Analysis: Sidney Poitier leaves behind many landmark roles, but also some smaller gems

A rich film collection compiled by Poitier, he Died Thursday at 94, making it difficult to choose a favorite movie or character. On a different day, that could be “Porgy and Bess”; “Raisins in the Sun,” reprising his role on the show about a struggling Chicago family; or “Rebels” , which earned him his first Best Actor Oscar nomination for his role with Tony Curtis as the Southern Paranoid Runaway. (In a busy year, Curtis and Poitier and Spencer Tracy and Paul Newman were all nominated, but David Niven was nominated for “Independent Tables.”)

These films have only scratched the surface of half a century of screen work, paving the way for other performers of color—a burden the actor shoulders with considerable grace despite the challenges and limitations he faces.

as Tim Gray of Variety points out Decades at the height of Poitier’s career, the U.S. Supreme Court’s decision on intermarriage law in Loving v. Virginia came a few months before “Guess Who’s Coming to Dinner.” “While the message of tolerance in Guess Who’s Coming may seem dated,” he wrote, “it was an eye-opener for many.”

Still, there are other movies and TV miniseries that can be added to any Poitier watch list, resulting in an absolutely comprehensive list of additional recommendations — in chronological order — that may not have been so in the original memorial and tribute mention prominently.

Chalkboard Jungle (1955): Poitiers played a student in a harsh school full of juvenile delinquents before he stunned audiences in British classrooms as a teacher for more than a dozen years. Here, Glenn Ford plays the teacher trying to break through with the kids, while Vic Morrow is the worst bad apple.

city ​​fringe (1956): Poitiers and John Cassavetes as the two dockworker sidekicks and Jack Worden as a true villain elevate director Martin Ritter’s film. Like many important roles for black actors during this period, Poitiers’ character arc exists largely to expose his co-stars to moral dilemmas.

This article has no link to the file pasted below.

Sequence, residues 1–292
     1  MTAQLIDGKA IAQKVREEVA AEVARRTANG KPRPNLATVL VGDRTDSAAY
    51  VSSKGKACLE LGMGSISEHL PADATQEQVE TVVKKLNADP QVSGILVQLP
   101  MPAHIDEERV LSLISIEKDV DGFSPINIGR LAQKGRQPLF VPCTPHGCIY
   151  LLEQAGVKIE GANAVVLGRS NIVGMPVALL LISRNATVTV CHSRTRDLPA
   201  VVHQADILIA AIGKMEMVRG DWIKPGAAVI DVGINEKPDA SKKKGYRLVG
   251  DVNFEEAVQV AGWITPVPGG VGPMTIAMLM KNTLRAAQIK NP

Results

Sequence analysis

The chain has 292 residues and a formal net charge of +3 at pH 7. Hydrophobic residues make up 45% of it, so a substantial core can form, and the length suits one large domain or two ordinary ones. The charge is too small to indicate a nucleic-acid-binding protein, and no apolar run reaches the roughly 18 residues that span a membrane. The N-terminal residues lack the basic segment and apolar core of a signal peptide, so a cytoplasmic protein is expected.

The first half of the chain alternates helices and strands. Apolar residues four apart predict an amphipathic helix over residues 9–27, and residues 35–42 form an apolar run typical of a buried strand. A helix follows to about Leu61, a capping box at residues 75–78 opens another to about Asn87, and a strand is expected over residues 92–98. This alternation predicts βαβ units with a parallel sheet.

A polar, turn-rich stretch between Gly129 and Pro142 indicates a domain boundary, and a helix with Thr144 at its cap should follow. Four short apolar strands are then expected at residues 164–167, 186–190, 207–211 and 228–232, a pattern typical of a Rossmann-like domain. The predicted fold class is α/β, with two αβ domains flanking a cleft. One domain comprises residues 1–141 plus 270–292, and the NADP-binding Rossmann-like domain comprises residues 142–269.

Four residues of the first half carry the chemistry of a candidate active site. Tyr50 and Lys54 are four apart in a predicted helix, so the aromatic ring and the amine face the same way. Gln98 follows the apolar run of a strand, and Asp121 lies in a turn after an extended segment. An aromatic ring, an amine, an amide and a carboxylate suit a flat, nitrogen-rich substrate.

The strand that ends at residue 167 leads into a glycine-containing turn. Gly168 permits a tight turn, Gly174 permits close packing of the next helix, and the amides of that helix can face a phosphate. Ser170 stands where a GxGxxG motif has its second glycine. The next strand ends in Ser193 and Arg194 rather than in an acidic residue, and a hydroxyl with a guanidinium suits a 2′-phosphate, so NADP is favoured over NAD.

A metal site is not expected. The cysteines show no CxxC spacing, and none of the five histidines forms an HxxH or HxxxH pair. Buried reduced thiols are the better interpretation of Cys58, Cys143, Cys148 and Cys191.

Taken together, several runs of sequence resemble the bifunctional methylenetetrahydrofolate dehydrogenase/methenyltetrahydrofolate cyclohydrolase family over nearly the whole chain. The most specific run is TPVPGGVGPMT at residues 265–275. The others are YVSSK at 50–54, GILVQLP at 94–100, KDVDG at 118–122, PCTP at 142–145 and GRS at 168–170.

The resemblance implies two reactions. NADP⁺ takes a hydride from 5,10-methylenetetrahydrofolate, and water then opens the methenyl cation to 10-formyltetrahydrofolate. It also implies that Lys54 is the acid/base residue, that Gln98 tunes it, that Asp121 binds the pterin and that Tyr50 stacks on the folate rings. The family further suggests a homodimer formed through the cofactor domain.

a piece of blue (1965): Poitiers stars with Elizabeth Hartman as a blind woman with whom he befriends (the title describes her last memory of sight), and Shelley Winters as the world One of the worst mothers ever won an Oscar.

They call me Mr. Tibbs! (1970) and the organization (1971): In In the Heat of the Night.

buck and missionary (1972) and saturday night residential area (1974) and ): Poitiers not only starred but directed both, in Westerns with Harry Belafonte and Bill Cosby in Light Comedy Action Cars Playing opponents, it’s enough to produce a pair of re-collaborations with Cosby, appropriately titled “Let’s Do It Again” and “Part of the Action.” His behind-the-scenes work also includes directing Gene Wilder and Richard Pryor’s prison comedy “Stir Madness.”

separate but equal (1991): Turning to TV, Poitier plays future Supreme Court Justice Thurgood Marshall in this ABC miniseries Brown v. Board of Education In the 1954 case, Bert Lancaster also played his last role.

sports shoes (1992): A one-off but very entertaining caper movie with an excellent cast that includes Poitier and Robert Redford as part of an elite security team. One of several if not particularly important entertainment films at the end of his career, including “Gunshot” and “Little Nikita.”

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